[ Click on images to make them larger]
I saw the following on Google Sky at coordinates 09:47:59, 13:16:50. The object has, what seem like blue jets. The image stands out more than anything else in the whole Leo constellation. To see it Go to the left bar options on Google Sky. Type in the following coordinates in the search box: 09:47:59, 13:16:50
Then, go to
--> Featured Observatories
--> IRAS Infrared Sky
--> IRAS Infrared Sky
--> IRAS Overlay
OR you can just visit http://www.google.com/sky/
Type in 09:47:59, 13:16:50. Click on Infrared. You may need to adjust distance settings to actually see it.
Fig.1 Object at Google Sky at 09:47:59, 13:16:50
You need to activate the Infrared (IRAS) overlay. Otherwise it is not visible. Without IRAS, you see the nearby Planetary Nebula IRAS 09452+1330 as a red dot, also in Leo.
Fig. 2 IRAS 09452+1330 at 09h 47m 57.4s +13° 16' 44" (Leo).
At first glance the object in question looks like a text-book copy of a Microquasar ( something like a GRO J1655-40). It seems to have the jets of relativistic matter being ejected perpendicularly alongwith at least one Radio Lobe that I "think" i see on top in faded blue. But I am not able to find any official reference to it anywhere.
Note: Please keep in mind that these are photographs taken in 2007. Most likely the coordinates of the object have changed by now.
First, I thought it could be IRAS 09452+1330, which is listed as a Planetary Nebula (Peanut Nebula), hence PK designation. A search takes us to http://www.schoenball.de/astronomie/projekte/ppn/ppn.htm , where the following data is listed, (in German) :
Objekt Name Rektaszension Deklination andere Bezeichner
CW Leo Peanut Nebula 09h 47m 57.4s +13° 16' 44" IRAS 09452+1330
From the above data, it is seems that the coordinates of the Nebula "CW Leo" also known as "Peanut Nebula" is slightly different from the numbers presented above ( 09:47:59, 13:16:50)
No.1) 09h 47m 57.4s +13° 16' 44" (from the above table)
No.2) 9h 47m 59sec +13h 16m 50s ( object visible in Google Sky IRAS overlay)
The difference is important because both coordinates are supposed to refer to the same object, but the coordinates No.1 point to an object that is also visible on Google Sky without the IRAS overlay, while the coordinates No. 2 point to a dark region in the sky if the IRAS overlay is not present. I think ( I maybe wrong) that the planetary nebulae are usually visible without the IRAS overlay. If so, then the conclusion leads to the fact that the above coordinates cannot be explained as belonging to the "CW Leo" planetary nebula and therefore must belong to "something else".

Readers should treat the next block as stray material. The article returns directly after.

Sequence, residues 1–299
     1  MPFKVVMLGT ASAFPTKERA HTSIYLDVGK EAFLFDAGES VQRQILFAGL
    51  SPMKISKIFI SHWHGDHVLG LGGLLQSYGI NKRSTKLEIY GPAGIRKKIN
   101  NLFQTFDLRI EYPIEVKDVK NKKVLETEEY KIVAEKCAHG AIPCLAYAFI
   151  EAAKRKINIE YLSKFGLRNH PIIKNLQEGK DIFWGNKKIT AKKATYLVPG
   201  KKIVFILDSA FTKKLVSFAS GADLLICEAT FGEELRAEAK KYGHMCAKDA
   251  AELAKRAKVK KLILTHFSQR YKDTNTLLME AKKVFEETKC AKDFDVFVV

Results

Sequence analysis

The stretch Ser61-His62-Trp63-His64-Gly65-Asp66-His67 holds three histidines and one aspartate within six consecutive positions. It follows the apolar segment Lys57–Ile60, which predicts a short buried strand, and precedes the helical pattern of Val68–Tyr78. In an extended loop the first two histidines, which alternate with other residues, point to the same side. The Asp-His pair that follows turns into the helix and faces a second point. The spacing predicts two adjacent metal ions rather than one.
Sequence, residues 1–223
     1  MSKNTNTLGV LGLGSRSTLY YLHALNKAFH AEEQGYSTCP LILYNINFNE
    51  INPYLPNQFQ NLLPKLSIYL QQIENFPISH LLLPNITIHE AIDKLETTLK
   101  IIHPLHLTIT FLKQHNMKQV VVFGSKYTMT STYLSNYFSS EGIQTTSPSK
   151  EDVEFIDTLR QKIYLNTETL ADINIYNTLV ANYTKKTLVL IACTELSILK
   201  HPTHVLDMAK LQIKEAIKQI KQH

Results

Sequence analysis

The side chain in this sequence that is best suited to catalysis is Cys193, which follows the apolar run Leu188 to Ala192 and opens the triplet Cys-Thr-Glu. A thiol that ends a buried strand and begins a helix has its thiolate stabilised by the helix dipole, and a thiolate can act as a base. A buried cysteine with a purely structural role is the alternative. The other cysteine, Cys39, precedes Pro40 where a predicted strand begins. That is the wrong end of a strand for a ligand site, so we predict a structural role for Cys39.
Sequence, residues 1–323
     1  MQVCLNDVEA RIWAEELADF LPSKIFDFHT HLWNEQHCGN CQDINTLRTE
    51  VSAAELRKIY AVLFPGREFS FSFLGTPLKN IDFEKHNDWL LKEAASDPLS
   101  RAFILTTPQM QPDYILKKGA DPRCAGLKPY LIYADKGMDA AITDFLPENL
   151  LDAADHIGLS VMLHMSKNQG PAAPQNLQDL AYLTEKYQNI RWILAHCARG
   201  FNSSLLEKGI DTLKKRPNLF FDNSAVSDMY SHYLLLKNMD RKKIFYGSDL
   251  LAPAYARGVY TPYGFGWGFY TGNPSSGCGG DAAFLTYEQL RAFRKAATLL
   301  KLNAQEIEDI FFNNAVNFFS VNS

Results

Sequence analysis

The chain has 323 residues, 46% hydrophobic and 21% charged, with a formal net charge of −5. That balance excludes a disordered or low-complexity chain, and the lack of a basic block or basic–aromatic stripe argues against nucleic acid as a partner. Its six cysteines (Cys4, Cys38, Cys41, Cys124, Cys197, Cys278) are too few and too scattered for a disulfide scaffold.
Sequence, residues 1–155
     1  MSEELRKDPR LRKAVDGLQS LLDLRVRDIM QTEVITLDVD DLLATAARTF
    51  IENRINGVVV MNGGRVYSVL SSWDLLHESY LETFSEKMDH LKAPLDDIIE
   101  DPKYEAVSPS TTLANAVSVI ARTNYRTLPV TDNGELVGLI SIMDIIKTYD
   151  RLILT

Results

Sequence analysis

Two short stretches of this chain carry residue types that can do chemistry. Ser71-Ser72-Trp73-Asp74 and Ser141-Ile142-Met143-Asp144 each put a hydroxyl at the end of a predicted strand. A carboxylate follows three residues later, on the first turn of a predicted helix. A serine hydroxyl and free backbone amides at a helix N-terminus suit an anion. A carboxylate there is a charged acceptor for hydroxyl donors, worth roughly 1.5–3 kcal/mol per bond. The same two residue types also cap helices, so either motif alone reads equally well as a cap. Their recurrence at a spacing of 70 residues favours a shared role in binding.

That got me thinking that it could be a Microquasar. But as mentioned before, I cannot find any references anywhere about it. And it seems close enough in Leo. It seems quite large, in fact comparable in size to Saturn ( at least by Google Sky's scales).
Fig. 3. Saturn and the object in Leo constellation as taken in 2007
Also, I found this on NASA from November 2008: http://science.nasa.gov/headlines/y2008/19nov_cosmicrays.htm
"Nov. 19, 2008: An international team of researchers has discovered a puzzling surplus of high-energy electrons bombarding Earth from space. The source of these cosmic rays is unknown, but it must be close to the solar system and it could be made of dark matter......The least exotic possibilities include, e.g., a nearby pulsar, a 'microquasar' or a stellar-mass black hole—all are capable of accelerating electrons to these energies. It is possible that such a source lurks undetected not far away."
Following link from Caltech gives us some idea about colours of IRAS: http://coolcosmos.ipac.caltech.edu/image_galleries/legacy/iras_orion/caption.html
"... New processing techniques have been used to enhanceSo, it appears that usually stars and the galactic centers show up as blue on IRAS' images. The object in question is shown as a large area of blue which is centered at a small green region that is only visible after zooming many times (on Google-earth). The fact that this object is not visible without the IRAS overlay indicates that it does not emit light very intensely or at all and the fact that it's blue on IRAS indicates that it's quite hot.
faint details and remove the instrumental artifacts (stripes) seen in earlier
IRAS images. The warmest features, e.g.~the stars, are brightest at 12
microns. This emission is coded blue. The interstellar dust is cooler and shines brighter at 60 microns
(coded green) and 100
microns (coded red)."
I intend to keep my eye open and see what comes up next :-)
Fig 4. Close up of the "Eye"
Fig 5. MicroQuasar ?
Fig 6. Object with saturn in Leo
Fig. 7. Another view
Fig. 8. The "Iris"